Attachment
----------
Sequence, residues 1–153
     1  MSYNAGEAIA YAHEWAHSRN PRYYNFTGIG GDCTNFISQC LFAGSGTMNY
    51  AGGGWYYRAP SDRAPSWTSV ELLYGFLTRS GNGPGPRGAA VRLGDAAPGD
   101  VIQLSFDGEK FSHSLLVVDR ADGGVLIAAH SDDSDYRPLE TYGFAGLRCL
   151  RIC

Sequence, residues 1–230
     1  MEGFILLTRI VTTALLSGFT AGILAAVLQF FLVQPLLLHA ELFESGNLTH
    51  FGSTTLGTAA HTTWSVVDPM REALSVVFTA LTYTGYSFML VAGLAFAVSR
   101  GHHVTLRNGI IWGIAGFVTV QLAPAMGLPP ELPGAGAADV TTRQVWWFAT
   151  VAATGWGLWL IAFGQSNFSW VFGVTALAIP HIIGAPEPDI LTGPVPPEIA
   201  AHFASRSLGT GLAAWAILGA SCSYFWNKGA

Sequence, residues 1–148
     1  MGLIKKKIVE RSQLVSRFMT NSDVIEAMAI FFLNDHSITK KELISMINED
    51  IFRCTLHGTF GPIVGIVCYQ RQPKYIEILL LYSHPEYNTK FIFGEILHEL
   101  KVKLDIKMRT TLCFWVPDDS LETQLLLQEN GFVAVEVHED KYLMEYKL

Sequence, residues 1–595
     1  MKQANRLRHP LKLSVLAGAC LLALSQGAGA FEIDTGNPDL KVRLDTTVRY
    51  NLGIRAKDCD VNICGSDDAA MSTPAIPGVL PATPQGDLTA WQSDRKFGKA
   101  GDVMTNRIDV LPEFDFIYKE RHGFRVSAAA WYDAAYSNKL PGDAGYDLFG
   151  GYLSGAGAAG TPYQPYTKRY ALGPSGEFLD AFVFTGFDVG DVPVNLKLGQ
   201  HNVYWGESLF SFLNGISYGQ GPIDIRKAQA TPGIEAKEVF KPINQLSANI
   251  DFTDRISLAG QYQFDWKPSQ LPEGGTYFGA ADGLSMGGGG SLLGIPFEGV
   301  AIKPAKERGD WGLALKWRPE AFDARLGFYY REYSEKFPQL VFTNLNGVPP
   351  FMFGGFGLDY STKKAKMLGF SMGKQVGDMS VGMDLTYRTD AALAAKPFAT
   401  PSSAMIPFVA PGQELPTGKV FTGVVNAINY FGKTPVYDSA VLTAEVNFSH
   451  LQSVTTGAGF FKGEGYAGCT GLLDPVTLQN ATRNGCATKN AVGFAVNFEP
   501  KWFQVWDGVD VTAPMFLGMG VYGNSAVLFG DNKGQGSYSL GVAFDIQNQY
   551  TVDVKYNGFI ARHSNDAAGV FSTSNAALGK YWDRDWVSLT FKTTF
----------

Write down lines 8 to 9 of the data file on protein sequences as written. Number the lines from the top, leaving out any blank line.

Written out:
    51  FGSTTLGTAA HTTWSVVDPM REALSVVFTA LTYTGYSFML VAGLAFAVSR
   101  GHHVTLRNGI IWGIAGFVTV QLAPAMGLPP ELPGAGAADV TTRQVWWFAT